Sunday, 20 October 2013

WALNEY ISLAND



Eleven miles long and just under one mile wide, Walney Island is the eighth biggest island off the coast of England.  Lying just off Barrow-in-Furness on the Furness Peninsula and reached by the Jubilee Bridge which spans the Walney Channel, the island provides natural shelter for the port of Barrow.  The landward side of the island enjoys similar conditions, making it a haven for the pleasure craft using the moorings provided there, while on the seaward side there is the attraction of 10 miles of sandy beach where kitesurfing and windsurfing are popular activities.  Both ends of the island have been designated as nature reserves.  At the northern end of the island is the North Walney National Nature Reserve, an area of dunes and grassland which provides a habitat for birds such as stonechats and redshanks, as well as the natterjack toad and many rare plants.  The South Walney Reserve at the southern end is characterised by ponds formed by gravel workings and by a sand and shingle bank, and is occupied by a major colony of lesser black-backed and herring gulls. The southern end is also the location of Walney Lighthouse, built in 1804 to replace an earlier structure which was destroyed by fire.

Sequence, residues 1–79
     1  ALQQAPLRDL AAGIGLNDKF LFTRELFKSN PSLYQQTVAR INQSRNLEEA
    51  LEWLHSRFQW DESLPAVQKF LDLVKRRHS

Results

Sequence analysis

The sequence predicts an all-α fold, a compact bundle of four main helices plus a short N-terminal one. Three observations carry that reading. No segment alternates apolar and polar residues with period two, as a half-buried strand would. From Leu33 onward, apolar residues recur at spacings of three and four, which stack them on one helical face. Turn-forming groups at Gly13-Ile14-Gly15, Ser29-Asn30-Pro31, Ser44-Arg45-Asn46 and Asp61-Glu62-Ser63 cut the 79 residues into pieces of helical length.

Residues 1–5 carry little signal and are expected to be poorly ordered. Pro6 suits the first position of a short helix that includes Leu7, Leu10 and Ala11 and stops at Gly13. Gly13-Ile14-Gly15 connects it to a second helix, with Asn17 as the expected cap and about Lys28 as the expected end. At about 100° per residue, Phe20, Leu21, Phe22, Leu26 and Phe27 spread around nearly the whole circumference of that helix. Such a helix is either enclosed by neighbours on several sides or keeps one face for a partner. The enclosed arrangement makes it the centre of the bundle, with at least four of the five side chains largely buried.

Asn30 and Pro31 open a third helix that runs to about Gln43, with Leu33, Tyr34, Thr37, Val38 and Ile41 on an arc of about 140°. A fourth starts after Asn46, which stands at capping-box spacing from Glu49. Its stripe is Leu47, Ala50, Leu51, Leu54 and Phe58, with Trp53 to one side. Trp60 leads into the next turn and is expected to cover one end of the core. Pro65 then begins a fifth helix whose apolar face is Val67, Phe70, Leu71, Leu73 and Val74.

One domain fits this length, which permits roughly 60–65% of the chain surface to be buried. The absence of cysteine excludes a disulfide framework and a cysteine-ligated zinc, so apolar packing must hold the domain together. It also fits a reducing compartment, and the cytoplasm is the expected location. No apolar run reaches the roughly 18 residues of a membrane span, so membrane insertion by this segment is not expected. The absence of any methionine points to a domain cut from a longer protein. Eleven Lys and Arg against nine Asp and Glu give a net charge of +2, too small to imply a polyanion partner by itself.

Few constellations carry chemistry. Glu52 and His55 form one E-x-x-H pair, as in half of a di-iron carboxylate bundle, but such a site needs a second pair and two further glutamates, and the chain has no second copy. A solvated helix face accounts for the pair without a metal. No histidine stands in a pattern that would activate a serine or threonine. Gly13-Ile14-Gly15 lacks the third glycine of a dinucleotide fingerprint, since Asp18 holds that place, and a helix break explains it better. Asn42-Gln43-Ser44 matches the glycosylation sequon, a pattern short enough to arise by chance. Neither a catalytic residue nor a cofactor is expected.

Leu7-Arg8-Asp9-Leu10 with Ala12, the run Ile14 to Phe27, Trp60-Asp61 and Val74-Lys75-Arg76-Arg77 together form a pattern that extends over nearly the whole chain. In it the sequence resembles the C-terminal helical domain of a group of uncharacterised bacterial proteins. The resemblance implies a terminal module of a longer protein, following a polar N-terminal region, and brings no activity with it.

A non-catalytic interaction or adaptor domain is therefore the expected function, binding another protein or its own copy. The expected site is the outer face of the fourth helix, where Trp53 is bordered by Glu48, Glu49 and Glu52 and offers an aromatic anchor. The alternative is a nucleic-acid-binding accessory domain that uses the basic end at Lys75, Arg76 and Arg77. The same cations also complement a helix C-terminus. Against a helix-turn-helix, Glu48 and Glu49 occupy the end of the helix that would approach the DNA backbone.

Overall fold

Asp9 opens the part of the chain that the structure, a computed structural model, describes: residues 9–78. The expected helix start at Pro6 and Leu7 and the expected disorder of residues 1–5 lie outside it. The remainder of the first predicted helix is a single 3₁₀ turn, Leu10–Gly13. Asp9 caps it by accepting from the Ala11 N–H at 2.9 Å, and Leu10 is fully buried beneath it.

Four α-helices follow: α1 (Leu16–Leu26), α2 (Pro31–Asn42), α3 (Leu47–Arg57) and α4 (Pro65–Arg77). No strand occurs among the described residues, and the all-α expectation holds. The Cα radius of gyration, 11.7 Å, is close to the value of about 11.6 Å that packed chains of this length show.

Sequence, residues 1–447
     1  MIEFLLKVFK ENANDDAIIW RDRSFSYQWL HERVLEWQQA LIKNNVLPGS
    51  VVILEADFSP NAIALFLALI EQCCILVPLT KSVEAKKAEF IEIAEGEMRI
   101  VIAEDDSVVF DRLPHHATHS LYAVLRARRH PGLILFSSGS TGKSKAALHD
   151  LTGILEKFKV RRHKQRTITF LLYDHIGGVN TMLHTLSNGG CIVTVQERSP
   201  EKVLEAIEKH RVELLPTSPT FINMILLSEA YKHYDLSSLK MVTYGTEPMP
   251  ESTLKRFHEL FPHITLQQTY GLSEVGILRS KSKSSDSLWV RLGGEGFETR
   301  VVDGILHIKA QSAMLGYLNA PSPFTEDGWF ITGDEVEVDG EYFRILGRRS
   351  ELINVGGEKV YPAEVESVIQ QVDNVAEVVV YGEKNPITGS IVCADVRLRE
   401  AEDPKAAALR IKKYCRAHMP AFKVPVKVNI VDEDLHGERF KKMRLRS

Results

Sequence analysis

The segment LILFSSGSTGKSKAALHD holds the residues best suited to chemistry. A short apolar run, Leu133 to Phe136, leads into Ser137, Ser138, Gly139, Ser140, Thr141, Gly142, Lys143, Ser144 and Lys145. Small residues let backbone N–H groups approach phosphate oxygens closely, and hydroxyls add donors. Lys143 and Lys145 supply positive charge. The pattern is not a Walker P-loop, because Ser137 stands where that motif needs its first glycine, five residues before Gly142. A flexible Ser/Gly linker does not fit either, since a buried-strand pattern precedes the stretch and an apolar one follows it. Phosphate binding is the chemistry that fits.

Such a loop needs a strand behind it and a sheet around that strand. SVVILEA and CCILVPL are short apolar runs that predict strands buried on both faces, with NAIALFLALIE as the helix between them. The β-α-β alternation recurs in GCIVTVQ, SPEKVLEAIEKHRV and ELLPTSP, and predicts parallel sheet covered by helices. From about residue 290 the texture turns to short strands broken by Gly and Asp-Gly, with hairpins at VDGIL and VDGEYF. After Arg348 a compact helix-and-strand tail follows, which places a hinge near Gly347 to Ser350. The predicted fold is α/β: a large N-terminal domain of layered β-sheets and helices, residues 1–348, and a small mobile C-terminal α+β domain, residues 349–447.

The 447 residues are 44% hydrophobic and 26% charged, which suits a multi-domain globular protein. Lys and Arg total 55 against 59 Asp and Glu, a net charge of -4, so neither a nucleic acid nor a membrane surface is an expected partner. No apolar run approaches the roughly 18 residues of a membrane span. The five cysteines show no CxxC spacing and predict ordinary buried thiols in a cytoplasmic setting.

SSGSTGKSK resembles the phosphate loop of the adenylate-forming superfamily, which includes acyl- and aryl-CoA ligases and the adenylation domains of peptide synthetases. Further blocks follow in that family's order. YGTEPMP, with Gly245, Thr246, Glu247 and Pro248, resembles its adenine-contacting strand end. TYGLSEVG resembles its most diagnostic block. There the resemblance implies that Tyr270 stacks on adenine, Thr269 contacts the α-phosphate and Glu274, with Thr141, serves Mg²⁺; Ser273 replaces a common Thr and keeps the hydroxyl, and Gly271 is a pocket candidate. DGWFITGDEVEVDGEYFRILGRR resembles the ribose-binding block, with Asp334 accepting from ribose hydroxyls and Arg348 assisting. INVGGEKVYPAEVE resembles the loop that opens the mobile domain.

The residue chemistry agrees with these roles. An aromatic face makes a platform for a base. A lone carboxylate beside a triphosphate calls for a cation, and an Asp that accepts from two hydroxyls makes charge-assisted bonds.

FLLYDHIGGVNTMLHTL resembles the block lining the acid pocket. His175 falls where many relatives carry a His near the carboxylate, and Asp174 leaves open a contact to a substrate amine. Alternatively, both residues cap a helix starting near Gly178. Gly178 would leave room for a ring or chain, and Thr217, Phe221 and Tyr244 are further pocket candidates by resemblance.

As for the human population, it is believed that the island has been inhabited since neolithic times.  The Norsemen arrived in the 9th century, coming from Ireland and the Isle Of Man.  The island's population was decimated by the plague in the 1600s, but in the 19th century it received a boost when Vickerstown was built to provide housing for workers from Barrow Docks, which were owned by the Vickers company, hence the name.  The town's development was further helped by the building of the Jubilee Bridge, which was completed in 1908 and which replaced the ferry service that had hitherto acted as the link with the mainland.  Although separated from it by the Walney Channel, Vickerstown is considered to be a suburb of Barrow-in-Furness.  During the First World War airships were built on the island, using a huge shed large enough to accommodate two airships side by side.  Thomas The Tank Engine fans may be interested to know that Walney Island is the inspiration for the island of Sodor, which is the setting for The Railway Series books by Wilbert Awdry on which the TV series was based.

Map of the area. 

File:Walney Lighthouse - geograph.org.uk - 148772.jpg
Walney Lighthouse. Photo by Chris Upson, via Wikimedia Commons


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